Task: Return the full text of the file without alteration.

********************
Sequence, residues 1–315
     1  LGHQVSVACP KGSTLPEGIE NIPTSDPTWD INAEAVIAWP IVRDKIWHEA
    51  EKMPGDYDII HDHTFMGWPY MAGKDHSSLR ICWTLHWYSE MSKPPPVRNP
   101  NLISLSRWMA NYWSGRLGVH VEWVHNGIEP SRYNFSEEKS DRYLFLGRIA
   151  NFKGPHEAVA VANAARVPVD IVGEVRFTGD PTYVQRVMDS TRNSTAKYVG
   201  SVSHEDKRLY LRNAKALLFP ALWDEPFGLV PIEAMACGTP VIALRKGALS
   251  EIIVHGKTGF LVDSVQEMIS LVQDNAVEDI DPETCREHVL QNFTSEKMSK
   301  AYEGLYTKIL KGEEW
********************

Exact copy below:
Sequence, residues 1–315
     1  LGHQVSVACP KGSTLPEGIE NIPTSDPTWD INAEAVIAWP IVRDKIWHEA
    51  EKMPGDYDII HDHTFMGWPY MAGKDHSSLR ICWTLHWYSE MSKPPPVRNP
   101  NLISLSRWMA NYWSGRLGVH VEWVHNGIEP SRYNFSEEKS DRYLFLGRIA
   151  NFKGPHEAVA VANAARVPVD IVGEVRFTGD PTYVQRVMDS TRNSTAKYVG
   201  SVSHEDKRLY LRNAKALLFP ALWDEPFGLV PIEAMACGTP VIALRKGALS
   251  EIIVHGKTGF LVDSVQEMIS LVQDNAVEDI DPETCREHVL QNFTSEKMSK
   301  AYEGLYTKIL KGEEW